Objective: To assess the impact of an ED-designed interim orders sheet on patient flow through the ED, and the safety of ED-directed admission. Methods: The flow of patients through the ED and inpatient length of stay (IPLOS) was retrospectively reviewed on 135 patients who were admitted using interim orders and 125 patients who were admitted after inpatient unit review in the ED. Results: The median time to admission to the ward in the non-interim orders group was 5.7 h (interquartile range [IQR]: 3.8-8.5), with a range from 1.2 to 15.9 h, and in the interim orders group was 6.3 h (IQR: 4.8-8.0) with a range from 0.5 to 22 h (P = 0.27). The median IPLOS was 4 days (IQR: 2.0-7.0) in the interim orders group, and 4 days (IQR: 2.1-9.0) in the non-interim orders group (P = 0.19). Conclusion: There was no difference in the time to patient admission, or IPLOS, with the different processes. Almost half of the average ED stay of adults and about one-third of that of paediatric admissions occurred after the decision to admit was made. Transfer of patients to the ward without inpatient review is appropriate and effective.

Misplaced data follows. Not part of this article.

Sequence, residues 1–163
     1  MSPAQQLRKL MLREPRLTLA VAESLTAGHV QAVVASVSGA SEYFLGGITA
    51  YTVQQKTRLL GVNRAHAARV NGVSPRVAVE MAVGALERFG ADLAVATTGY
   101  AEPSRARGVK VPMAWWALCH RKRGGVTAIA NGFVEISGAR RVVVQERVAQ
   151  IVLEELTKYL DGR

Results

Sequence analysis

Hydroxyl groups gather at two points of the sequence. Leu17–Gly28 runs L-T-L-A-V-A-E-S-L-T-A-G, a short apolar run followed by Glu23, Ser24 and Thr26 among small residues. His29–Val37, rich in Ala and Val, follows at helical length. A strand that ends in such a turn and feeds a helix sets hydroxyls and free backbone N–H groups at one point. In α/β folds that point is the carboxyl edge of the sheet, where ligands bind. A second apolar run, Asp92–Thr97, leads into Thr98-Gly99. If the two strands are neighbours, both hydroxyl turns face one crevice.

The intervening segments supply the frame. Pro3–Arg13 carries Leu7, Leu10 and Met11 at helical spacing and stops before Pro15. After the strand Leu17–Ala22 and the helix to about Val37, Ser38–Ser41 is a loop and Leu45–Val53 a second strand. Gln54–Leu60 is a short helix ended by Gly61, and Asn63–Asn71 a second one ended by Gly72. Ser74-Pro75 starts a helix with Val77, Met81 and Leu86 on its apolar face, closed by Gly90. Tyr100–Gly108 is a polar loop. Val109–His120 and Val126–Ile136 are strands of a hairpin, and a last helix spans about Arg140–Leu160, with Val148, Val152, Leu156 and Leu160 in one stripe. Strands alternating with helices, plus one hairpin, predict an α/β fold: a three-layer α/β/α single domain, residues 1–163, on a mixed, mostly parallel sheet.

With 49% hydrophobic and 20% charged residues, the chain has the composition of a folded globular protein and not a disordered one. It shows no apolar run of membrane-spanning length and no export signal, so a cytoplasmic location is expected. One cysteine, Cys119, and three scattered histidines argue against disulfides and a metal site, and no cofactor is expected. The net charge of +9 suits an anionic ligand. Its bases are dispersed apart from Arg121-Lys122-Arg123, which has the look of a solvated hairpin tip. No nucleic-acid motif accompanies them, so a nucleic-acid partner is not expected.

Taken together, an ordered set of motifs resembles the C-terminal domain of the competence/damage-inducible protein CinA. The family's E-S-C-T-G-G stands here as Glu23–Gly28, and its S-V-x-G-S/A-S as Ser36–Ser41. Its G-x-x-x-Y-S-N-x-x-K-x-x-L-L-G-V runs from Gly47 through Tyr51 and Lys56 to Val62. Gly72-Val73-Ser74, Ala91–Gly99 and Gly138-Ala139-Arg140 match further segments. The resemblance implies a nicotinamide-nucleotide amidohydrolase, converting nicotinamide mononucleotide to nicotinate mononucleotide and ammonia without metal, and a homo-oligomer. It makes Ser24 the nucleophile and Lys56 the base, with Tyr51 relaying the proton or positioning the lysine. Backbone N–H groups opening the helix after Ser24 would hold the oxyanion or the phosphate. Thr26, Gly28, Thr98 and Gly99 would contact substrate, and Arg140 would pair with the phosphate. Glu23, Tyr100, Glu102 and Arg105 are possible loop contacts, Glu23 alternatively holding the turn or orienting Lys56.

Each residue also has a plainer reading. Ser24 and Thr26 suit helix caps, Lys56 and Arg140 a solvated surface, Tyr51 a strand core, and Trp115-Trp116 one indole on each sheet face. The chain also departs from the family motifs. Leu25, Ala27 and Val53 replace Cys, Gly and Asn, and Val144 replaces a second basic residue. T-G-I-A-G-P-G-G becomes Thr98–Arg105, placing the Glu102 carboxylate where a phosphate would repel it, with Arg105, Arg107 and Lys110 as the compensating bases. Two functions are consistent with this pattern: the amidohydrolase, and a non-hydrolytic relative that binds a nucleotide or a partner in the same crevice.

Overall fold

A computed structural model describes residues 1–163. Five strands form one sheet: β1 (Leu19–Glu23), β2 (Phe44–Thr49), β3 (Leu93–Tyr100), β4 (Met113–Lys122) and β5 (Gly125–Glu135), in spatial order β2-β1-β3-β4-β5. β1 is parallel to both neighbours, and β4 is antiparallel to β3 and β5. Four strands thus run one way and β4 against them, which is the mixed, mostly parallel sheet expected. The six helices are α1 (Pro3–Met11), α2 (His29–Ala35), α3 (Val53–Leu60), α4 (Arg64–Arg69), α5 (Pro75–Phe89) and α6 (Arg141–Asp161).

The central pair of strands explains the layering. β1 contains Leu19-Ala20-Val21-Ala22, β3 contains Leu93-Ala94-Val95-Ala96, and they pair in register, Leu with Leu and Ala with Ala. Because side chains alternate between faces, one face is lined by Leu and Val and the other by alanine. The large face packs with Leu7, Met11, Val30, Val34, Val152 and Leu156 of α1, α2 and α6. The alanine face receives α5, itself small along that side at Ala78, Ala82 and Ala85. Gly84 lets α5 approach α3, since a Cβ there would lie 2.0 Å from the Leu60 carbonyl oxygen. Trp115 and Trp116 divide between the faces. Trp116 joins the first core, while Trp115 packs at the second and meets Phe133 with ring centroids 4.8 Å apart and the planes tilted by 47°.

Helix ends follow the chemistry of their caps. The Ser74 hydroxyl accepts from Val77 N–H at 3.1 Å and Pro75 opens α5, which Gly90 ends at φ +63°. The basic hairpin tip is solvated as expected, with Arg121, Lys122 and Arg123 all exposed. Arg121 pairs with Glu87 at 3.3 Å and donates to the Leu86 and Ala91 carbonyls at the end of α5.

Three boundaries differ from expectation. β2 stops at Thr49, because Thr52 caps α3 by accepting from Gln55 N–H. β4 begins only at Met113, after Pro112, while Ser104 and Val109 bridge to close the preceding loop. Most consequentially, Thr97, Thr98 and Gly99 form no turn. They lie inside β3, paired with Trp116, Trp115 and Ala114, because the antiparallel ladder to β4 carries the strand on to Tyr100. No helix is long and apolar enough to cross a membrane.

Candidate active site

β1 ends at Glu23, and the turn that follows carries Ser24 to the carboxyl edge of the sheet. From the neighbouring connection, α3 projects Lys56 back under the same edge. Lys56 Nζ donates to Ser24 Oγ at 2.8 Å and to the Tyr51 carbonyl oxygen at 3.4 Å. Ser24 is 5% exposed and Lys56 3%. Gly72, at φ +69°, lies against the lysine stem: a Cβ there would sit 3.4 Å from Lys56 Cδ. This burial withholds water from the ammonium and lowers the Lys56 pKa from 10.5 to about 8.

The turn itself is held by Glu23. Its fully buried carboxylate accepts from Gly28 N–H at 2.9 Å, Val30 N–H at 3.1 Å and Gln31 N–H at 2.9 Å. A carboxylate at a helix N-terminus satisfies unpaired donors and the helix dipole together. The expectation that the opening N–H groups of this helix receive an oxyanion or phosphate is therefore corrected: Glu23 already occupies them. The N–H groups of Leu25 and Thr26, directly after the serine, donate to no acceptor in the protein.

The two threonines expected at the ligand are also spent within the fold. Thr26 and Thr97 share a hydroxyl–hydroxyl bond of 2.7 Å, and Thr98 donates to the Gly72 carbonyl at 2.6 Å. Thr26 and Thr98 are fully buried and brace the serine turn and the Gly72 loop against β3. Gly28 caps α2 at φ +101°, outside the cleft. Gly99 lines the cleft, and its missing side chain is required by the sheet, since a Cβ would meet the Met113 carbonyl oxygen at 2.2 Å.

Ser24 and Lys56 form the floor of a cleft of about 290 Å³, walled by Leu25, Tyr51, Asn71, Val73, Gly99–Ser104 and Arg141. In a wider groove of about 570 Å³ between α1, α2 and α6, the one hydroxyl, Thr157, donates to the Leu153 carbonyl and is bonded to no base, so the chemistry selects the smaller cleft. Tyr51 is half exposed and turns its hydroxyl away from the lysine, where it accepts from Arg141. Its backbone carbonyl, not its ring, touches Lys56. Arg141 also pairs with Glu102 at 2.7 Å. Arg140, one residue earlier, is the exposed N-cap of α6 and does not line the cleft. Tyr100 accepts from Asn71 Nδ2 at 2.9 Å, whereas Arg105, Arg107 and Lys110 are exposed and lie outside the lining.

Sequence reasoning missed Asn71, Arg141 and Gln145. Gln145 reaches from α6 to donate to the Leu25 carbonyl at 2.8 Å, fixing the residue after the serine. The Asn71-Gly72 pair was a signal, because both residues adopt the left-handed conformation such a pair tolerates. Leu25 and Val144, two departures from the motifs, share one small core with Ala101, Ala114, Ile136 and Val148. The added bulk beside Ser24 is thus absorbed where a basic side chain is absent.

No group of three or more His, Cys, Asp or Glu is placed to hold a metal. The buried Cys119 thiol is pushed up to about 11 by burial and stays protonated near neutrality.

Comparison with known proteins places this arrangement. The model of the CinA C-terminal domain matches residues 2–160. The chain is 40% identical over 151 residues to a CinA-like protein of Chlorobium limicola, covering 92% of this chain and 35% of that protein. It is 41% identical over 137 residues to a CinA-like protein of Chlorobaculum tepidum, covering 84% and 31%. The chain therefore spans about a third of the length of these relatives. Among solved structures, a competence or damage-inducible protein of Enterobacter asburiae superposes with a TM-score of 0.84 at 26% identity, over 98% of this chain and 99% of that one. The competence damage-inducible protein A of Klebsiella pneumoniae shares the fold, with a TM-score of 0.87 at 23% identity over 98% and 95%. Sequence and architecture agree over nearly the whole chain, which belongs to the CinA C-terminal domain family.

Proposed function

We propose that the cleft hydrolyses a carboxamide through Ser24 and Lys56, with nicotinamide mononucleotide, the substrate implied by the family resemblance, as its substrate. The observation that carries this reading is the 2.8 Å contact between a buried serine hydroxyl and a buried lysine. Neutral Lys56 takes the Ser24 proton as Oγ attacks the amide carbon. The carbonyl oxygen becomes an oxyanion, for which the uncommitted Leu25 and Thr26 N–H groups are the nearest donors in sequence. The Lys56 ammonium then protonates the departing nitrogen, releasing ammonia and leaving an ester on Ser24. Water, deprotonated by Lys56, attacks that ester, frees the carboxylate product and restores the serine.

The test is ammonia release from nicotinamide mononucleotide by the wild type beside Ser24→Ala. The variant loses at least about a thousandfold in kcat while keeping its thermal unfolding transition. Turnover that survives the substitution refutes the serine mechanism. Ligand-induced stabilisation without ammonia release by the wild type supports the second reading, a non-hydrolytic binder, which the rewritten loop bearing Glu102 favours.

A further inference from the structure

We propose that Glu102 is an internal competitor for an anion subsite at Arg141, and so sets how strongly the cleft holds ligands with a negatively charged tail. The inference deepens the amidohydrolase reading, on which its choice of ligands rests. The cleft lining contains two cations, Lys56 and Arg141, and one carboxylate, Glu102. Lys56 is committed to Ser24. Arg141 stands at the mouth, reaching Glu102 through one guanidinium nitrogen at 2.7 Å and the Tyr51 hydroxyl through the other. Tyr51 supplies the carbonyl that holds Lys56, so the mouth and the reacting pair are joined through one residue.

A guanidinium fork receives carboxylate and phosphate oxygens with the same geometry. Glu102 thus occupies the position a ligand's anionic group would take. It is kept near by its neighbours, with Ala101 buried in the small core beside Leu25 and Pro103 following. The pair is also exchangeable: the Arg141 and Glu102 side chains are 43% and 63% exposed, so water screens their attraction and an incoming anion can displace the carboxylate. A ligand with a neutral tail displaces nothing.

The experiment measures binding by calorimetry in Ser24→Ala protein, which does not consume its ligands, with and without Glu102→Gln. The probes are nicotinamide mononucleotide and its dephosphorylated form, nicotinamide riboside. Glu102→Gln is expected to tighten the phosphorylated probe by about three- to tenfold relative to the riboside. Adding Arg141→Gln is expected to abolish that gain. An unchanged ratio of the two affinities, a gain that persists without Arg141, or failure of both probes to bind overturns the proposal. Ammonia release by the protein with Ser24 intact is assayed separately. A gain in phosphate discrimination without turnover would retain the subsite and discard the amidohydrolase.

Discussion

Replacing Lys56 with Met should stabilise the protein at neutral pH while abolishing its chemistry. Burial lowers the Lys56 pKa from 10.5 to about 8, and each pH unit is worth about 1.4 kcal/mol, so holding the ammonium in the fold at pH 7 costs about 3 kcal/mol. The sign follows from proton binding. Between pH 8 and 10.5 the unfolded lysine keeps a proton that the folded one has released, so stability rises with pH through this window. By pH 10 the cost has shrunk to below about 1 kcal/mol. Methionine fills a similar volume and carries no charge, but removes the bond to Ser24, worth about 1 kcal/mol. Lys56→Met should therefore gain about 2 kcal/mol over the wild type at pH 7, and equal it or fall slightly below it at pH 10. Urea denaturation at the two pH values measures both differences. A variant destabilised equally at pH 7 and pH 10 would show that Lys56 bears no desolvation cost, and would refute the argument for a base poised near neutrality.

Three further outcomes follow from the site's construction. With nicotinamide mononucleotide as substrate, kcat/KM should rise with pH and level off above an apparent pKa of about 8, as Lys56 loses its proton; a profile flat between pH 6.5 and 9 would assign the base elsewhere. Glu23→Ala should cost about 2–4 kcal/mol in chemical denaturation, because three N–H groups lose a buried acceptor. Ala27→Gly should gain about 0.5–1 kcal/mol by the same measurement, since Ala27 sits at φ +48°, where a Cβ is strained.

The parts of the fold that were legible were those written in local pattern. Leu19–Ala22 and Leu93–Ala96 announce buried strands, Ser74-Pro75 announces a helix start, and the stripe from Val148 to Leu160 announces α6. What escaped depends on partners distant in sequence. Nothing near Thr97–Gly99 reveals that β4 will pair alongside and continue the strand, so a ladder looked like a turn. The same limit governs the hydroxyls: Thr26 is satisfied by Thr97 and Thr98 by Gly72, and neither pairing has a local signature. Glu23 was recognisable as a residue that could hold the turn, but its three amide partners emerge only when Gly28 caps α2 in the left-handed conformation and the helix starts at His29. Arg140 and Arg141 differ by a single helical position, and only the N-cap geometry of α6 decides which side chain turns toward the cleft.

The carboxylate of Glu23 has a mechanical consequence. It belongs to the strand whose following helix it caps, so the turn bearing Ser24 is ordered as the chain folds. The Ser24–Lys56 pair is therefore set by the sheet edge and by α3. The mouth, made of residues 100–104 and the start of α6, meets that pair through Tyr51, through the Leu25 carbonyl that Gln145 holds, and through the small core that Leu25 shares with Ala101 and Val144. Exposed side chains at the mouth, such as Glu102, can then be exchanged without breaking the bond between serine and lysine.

|Pages (from-to)||266 - 273|
|Number of pages||8|
|Journal||Emergency Medicine Australasia|
|Publication status||Published - 2005|